Wallis likes to tell people that he knows everyone who is anyone among the great and the good in Washington, regardless of political persuasion. He has become a consummate inside player. He hasn’t a negative thing to say about anyone, except perhaps when it comes to “shrill” leftists who question why, especially at this moment, we should still be so eager to accommodate hardcore Christian conservatives.

To be clear, I am not for demonizing individuals unnecessarily or for discerning and denouncing enemies where none exist. But poor people DO have enemies, and among their worst enemies are conservative religious figures who cannot wean themselves from Reaganite free-market ideology, who cannot distinguish change from charity, and who still think that making poor women bear children for calamity (cf. Isaiah 65:23) somehow conduces to God’s greater glory. To kowtow to these enemies of the poor merely grants them yet more undeserved power and legitimacy.

I am very glad that Jim Wallis and others like him want to put fighting poverty front and center in the consciousness of the faithful. But fighting poverty in any serious way is a partisan enterprise that means fighting oppressive structures and entrenched interests. It means breaking with blurry consensus politics as usual. It most certainly means having enemies on the Right and even enemies in a Middle that would be clearly recognized as the Right in any non-U.S. context.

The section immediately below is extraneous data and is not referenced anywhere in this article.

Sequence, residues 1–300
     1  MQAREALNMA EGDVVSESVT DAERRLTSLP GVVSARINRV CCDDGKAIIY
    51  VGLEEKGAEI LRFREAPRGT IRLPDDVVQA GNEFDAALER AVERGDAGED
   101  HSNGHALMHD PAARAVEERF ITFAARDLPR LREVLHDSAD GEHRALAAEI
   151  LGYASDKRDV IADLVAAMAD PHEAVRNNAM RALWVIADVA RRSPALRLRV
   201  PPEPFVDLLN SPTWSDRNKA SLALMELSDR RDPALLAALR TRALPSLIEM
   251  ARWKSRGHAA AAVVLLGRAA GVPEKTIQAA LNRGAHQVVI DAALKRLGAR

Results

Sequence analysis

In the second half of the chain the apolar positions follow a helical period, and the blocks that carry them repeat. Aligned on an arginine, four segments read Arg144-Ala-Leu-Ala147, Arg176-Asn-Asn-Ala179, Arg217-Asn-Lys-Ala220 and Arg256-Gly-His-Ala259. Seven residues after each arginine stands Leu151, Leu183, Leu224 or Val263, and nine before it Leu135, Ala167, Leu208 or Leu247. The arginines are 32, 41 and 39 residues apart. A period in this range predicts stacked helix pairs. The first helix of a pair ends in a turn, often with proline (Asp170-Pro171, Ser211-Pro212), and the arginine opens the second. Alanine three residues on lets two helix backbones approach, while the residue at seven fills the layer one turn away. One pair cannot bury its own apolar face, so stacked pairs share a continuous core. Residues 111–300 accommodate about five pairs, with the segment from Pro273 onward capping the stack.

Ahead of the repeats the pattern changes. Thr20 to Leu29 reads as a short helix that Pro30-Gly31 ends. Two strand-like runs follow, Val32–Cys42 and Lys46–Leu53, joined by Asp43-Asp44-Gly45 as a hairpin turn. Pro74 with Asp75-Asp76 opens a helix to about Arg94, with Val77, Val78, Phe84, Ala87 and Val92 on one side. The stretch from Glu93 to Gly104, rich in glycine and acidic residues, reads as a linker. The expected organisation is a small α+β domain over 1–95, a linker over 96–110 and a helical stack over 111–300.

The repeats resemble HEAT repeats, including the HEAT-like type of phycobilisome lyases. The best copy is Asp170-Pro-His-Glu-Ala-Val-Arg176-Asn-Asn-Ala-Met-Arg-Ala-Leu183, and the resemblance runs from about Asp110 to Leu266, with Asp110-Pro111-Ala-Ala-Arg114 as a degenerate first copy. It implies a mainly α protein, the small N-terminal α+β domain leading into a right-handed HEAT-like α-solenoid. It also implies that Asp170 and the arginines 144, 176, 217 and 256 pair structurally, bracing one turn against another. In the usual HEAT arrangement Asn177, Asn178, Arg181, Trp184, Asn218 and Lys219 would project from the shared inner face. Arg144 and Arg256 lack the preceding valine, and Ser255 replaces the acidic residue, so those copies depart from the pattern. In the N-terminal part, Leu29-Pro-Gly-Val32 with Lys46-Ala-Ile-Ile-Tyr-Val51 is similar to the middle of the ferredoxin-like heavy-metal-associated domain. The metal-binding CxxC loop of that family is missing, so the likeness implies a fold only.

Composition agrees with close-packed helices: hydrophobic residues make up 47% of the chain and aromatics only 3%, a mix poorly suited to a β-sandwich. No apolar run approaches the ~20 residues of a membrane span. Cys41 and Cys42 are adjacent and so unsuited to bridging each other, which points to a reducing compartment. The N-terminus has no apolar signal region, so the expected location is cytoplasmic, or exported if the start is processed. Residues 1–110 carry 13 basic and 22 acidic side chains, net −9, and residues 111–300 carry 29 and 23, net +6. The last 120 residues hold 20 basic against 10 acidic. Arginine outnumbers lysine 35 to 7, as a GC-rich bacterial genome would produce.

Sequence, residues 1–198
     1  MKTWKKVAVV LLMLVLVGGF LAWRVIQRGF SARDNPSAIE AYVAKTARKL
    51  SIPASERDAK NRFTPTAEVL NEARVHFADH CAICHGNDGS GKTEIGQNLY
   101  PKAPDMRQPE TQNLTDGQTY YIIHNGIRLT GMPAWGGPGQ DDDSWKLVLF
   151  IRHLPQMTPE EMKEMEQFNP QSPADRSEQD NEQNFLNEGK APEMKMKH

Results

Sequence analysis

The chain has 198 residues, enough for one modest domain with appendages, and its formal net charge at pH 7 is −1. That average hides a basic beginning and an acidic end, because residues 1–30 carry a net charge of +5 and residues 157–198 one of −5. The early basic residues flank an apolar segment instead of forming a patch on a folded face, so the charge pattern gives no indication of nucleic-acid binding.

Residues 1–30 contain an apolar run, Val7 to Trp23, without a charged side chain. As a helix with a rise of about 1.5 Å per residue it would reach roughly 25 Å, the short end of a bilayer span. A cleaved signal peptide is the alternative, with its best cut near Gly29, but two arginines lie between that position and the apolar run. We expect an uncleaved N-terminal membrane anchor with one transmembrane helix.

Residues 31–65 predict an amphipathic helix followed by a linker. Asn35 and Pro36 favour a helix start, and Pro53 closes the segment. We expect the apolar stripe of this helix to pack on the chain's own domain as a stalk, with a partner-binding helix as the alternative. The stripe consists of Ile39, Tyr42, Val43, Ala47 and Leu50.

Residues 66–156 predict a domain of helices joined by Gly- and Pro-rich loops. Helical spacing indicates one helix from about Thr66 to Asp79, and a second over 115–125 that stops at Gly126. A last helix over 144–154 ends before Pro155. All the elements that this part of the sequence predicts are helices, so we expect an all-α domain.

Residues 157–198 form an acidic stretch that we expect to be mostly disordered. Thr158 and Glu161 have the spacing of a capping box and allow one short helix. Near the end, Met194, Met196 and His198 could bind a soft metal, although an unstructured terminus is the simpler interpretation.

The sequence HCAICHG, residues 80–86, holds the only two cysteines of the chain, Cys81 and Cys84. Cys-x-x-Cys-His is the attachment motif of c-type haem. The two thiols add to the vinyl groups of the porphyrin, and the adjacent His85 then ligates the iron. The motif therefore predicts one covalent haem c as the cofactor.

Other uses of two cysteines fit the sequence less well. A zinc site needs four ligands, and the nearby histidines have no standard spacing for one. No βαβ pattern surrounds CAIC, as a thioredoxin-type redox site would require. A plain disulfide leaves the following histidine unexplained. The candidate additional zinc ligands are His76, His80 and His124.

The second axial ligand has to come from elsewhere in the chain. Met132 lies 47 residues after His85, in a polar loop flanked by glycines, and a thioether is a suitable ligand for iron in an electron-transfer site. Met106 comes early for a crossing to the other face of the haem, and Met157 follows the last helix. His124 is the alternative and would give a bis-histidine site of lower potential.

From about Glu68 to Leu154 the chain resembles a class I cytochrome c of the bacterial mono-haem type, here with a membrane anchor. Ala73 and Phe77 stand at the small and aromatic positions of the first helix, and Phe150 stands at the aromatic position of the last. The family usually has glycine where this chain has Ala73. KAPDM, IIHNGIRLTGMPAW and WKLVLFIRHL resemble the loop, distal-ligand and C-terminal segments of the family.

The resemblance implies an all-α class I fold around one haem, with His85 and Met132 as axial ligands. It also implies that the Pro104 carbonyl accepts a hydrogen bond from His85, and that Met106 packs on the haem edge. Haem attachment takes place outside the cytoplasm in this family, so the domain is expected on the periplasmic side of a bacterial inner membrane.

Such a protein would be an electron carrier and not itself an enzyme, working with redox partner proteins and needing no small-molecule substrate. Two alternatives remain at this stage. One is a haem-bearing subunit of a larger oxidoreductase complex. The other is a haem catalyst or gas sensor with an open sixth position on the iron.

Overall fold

Here, for example, is a faith-inspired policy platform that would leave the religious right seething but would rally tens of thousands of religious progressives: in the name of all that is holy, we demand universal health care, a tenfold expansion of Section 8 housing, a moratorium on mortgage foreclosures, full workplace rights, full funding of women’s health care services, radically progressive tax reform, greatly expanded higher education access for poor kids, major structural reforms in our racist criminal justice program (not just re-entry assistance), a severe crackdown on predatory lending, and major child care and transportation subsidies for working mothers of young children.

Wallis often cites the late William Sloane Coffin as a major inspiration and influence in his own life. No one could say more in fewer words than Bill Coffin, so I think Bill should have the last word here. It’s a word that cannot be repeated often enough to those who enjoy frequenting the corridors of consensus that mark today’s Washington DC: “If you lessen your anger at the structures of power, you lower your love for the victims of power.”